1. Gustav, the Modern Nomad says:

      When I was a Christian, I was young and imitated the Christians around me. They believed, and I was young and did what the older people around me did.

      When I grew up, I became an independent thinker, and I re-evaluated Christianity and came to the conclusion that I have not observed anything that would imply the existence of a God. Neither have I observed anything that would actively disprove one either. Thus I became an agnostic.

      1. Your experiences from your youth sound a little like mine: I grew up in a “Christian” family and was baptised as in infant. My parents carted my brother and me off to the local Anglican church when we were 12 or 13 to be confirmed and some years we even went to church at Christmas! I had a wishy-washy notion of a Father Christmas style God and thought of myself as a Christian without really considering whether I really was or what the alternatives were. It was only when I actually did become a Christian in my 20s that I realised how wrong I’d been. True, I had always instinctively believed that God existed, but my experience to date had been meaningless and just didn’t add up, so I started to go to the Methodist church in town and heard the Bible preached. The Minister there urged me to go to their Membership classes, which pretty much go through the basic facts of Christianity in discussion groups in a similar way to the popular Alpha courses run all over the UK these days. It was during that course that the truth hit me between the eyes and since then my life hasn’t been the same. OK, mine wasn’t one of those dramatic conversions, and since then my Christian growth has certainly gone through dry patches, but God has always been there. The hardest part was surrendering to him, but unless you surrender and allow him to influence your life, you will never know him.

        If the wonder of life in all its abundance doesn’t suggest the possibility of a designer then I don’t think you will ever observe something that will imply God to you. But if you think there’s a chance that God might exist, then why not ask him to show you a sign?

    2. Jon says:

      Hi Martin,

      Thanks for reviving this. And it is good to have your point of view.

      I am not a staunch atheist. I agree with you that God cannot be disproven and would even be happy to say that I have the same feelings of “something bigger than myself” and the other natural thoughts of wonder an inquiring mind has.

      My beef is not with God; it is with religion and you have planted your flag in a particular camp even though you can see and have listed all the terrible traits it has.

      Your interpretation of how God works (and please chime in if I have it wrong because this is fundamental to my objection) is that he created, or allows to exist, a Hell for me to go to if I do not accept Jesus as the Christ. You don’t explicitly say this above because it is very confrontational but I assume it is what you literally believe. It’s fine to sidestep and say that God doesn’t actively send us to Hell, we choose it for ourselves, but if Hell exists it is a very probable destination for many people if left to their own devices.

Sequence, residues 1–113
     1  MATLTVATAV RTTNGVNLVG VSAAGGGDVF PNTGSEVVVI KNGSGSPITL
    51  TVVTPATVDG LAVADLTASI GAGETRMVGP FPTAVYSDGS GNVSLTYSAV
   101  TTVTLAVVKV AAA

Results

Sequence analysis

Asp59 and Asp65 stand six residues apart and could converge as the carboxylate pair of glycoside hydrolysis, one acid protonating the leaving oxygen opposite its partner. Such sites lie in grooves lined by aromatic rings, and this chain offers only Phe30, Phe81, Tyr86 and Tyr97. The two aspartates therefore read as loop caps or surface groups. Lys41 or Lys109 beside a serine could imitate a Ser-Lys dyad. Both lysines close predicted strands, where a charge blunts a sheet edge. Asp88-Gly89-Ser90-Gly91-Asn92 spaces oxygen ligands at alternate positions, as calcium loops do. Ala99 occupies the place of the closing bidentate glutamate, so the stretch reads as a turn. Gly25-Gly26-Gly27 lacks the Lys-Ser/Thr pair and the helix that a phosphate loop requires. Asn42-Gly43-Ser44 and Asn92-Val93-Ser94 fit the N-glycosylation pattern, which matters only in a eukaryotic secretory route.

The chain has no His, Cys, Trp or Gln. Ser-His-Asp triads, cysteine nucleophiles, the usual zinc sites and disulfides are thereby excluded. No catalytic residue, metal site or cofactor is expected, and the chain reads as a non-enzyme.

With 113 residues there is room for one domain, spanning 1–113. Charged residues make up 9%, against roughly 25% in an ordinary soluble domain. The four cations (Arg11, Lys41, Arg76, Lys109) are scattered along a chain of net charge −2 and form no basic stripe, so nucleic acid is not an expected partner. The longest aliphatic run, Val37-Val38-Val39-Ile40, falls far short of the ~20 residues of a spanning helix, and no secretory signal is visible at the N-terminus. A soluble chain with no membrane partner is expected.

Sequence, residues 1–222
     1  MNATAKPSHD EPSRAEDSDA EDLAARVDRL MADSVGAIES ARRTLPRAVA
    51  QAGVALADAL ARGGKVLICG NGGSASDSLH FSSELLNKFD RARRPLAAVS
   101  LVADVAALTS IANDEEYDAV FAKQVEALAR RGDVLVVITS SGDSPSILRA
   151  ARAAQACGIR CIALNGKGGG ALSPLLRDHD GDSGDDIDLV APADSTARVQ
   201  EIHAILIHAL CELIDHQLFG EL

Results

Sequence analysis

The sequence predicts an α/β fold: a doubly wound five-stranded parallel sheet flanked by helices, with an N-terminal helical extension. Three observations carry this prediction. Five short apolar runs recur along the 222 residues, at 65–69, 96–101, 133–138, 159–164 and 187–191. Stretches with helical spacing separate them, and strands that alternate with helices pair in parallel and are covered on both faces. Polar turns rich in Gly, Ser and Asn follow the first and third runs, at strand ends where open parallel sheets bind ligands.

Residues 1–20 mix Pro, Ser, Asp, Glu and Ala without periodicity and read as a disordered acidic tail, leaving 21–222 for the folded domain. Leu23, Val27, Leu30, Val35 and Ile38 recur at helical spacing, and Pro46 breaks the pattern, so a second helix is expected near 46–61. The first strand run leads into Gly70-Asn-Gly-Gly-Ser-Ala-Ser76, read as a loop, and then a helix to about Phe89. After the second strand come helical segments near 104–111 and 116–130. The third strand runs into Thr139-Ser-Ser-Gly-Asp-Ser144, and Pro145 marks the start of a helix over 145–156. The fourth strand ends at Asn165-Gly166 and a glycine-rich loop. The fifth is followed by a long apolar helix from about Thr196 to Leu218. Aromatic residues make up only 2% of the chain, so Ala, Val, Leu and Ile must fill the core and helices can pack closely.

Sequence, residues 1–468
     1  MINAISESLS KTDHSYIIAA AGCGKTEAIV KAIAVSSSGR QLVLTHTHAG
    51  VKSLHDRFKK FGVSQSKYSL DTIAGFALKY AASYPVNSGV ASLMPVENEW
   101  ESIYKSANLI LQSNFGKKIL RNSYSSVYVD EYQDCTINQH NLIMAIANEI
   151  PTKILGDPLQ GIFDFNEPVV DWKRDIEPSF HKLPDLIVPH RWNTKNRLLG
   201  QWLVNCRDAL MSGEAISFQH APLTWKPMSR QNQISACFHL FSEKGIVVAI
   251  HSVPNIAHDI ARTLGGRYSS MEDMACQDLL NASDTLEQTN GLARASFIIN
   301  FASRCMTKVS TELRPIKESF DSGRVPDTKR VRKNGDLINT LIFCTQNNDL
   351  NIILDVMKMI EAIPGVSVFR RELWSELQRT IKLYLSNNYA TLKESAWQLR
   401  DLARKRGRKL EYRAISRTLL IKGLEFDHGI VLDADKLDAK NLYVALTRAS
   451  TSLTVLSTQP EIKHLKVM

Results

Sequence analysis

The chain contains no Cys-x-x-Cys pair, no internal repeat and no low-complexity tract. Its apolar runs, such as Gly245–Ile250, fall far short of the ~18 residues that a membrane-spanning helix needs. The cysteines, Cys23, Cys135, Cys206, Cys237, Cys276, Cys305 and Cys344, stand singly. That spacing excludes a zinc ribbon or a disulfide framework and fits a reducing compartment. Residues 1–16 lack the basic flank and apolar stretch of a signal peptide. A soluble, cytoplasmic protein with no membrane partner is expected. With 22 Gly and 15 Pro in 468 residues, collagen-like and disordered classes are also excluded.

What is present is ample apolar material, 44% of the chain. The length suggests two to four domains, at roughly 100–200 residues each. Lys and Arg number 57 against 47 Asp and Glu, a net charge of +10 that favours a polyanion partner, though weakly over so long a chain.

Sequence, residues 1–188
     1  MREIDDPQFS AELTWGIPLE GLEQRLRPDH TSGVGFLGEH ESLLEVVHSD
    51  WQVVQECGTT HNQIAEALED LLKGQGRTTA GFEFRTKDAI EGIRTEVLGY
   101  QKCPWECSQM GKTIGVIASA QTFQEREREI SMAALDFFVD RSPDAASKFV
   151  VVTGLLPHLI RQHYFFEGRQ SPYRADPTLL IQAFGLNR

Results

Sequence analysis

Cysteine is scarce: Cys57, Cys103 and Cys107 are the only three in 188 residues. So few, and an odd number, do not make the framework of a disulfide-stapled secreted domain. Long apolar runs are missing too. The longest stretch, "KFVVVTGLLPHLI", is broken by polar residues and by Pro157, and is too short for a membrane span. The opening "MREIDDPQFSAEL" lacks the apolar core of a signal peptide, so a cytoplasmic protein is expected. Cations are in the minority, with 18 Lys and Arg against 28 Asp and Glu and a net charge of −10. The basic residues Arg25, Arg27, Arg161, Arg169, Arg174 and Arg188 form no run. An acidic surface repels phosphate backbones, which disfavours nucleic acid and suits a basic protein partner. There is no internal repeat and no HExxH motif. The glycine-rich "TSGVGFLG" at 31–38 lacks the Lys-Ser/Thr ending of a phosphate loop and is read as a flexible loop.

There is nothing the Christian God is not capable of, but yet he does not delete Hell from existence in order to save everybody. That’s what a friend would do. It is what a loving father would do. It is illogical to send someone to burn for all eternity to teach them a lesson, because there is no hope of redemption.

      For this core reason Christianity is deeply flawed and it is impossible to be at peace with it because there will always be someone you love who is destined for eternal punishment. Surely that can never be ok?

      As to my parents, when you are on my side of the fence, there is no great problem with other people believing something that’s crazy so long as they don’t hurt anyone. The mechanism of their church allows them to help people and realise some of the kindness which is sometimes lacking in society. They are good people.

      It is not especially frustrating talking with my parents about such things; it’s just a lively debate. Challenging ideas is essential for progress.

      The most important thing is not to get angry or offended by rational analysis. If someone feels threatened in that way they are probably on the wrong side of the argument.

      1. Hi Jono,

        It’s not so much that God has created hell, it’s more that he gave Lucifer (satan) the gift of free-will in the first place allowing him to fall. Lucifer was an angel, but wanted to be like God and became disobedient to him, so God cast him out of heaven – thus creating hell.

        God abides in heaven, so heaven is total communion with God. Hell is anywhere outside of God’s dominion and is under satan’s rule. We are influeneced by both – made in God’s image, but also influenced by tempation. Man’s sinful nature means we can’t go to heaven by our own merits however hard we try. God deperately wants us to choose to turn back to him and restore that broken relationship, accepting the sacrifice of Jesus dying to pay the price of our sin – past, present and future.